Consider how the garden is growing all around you. You are surrounded by life and vitality! Enjoy the shapes, colors, textures, scents, etc. of the garden produce and your garden.

Something magical happens deep down inside of us when we stop and become actually aware of our surroundings. There is more gratitude, more appreciation, less stress, and so much more.

Learning to become aware of our surroundings takes consistent practice. However, making it a part of your daily habits will open your eyes to the beauty of nature in your garden. 

Fall in the Garden

No Matter the Season, Find Joy in the Garden

At the end of the day, when you are feeling garden harvest overwhelm, remember, at the core of your stress there is this: you had a bountiful harvest!

It can be easy to forget that gardening is more than just a hobby, livelihood, or path to self-sufficiency. Gardening tugs and pulls at our emotions. There is something incredibly beautiful and very emotional about a good gardening harvest. 

Make sure you take the time to actually become aware of your gardening emotions. By doing this, you can remember to count your blessings that come with a bountiful garden harvest.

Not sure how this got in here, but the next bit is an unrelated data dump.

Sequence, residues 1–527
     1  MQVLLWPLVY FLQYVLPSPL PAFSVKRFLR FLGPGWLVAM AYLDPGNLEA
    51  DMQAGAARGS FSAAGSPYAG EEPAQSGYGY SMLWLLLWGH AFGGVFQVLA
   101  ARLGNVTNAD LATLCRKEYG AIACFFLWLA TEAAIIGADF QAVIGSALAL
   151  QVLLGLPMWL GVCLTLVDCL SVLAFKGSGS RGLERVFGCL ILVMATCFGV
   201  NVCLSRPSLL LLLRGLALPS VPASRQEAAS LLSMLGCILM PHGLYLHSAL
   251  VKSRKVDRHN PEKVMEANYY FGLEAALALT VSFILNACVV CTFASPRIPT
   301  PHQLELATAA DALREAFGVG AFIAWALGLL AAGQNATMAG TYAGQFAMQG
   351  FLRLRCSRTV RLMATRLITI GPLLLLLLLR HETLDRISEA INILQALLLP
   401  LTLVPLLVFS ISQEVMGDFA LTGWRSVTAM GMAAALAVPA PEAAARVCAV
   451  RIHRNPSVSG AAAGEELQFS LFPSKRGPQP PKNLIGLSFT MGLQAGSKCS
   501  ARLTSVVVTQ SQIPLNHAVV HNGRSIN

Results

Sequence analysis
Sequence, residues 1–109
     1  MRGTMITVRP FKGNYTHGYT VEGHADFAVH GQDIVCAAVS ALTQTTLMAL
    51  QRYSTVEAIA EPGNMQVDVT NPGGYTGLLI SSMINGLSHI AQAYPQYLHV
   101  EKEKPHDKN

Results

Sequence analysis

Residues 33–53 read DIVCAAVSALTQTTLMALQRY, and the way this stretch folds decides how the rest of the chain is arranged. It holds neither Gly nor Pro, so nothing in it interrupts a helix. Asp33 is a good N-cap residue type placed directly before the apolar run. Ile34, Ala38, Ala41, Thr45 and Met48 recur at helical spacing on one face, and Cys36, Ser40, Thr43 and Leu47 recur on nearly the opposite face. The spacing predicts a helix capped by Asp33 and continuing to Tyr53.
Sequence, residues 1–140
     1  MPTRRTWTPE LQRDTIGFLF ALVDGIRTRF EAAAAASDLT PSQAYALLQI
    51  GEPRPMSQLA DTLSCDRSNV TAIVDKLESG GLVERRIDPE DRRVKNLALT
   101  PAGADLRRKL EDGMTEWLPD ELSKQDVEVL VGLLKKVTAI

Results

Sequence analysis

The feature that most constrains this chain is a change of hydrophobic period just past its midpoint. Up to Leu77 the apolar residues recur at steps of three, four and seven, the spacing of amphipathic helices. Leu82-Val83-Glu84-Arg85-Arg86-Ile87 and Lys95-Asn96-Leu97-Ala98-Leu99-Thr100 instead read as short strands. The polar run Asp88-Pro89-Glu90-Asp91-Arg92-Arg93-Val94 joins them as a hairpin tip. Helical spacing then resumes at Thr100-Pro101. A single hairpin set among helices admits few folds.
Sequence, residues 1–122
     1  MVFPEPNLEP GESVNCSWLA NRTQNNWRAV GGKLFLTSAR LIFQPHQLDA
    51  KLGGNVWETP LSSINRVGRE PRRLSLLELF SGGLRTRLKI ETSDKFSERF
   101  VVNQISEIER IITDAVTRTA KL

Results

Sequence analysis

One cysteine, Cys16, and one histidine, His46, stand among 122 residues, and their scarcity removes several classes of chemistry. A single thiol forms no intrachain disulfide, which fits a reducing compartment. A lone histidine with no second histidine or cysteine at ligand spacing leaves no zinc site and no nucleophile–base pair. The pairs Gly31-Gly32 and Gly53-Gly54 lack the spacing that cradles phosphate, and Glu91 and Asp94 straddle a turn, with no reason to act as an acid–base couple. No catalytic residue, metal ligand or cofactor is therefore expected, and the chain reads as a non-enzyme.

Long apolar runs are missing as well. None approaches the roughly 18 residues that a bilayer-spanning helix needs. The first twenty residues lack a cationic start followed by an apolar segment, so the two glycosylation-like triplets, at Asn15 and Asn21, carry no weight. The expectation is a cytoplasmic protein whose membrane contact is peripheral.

So take the time, every day, to walk through your garden and appreciate it. Go up to your tomato vines, sagging with too many fruits, and tell yourself, ‘I planted these tomatoes and look how fruitful they are!’ Appreciate that success. 

After counting your blessings in the garden, go to your pantry or freezer. Look at all the garden produce that you have already preserved. Count your blessings by looking at each one with the emotional pride that comes from doing something fruitful with your own hands. 

Remember not to let harvest overwhelm get you down. Visit your garden daily, learn some new time management techniques, learn how to get help from your community, and remember once again to count your blessings.

More Seasonal Gardening Tips:

Finding Joy in the Garden in Fall Dealing with Harvest Overwhelm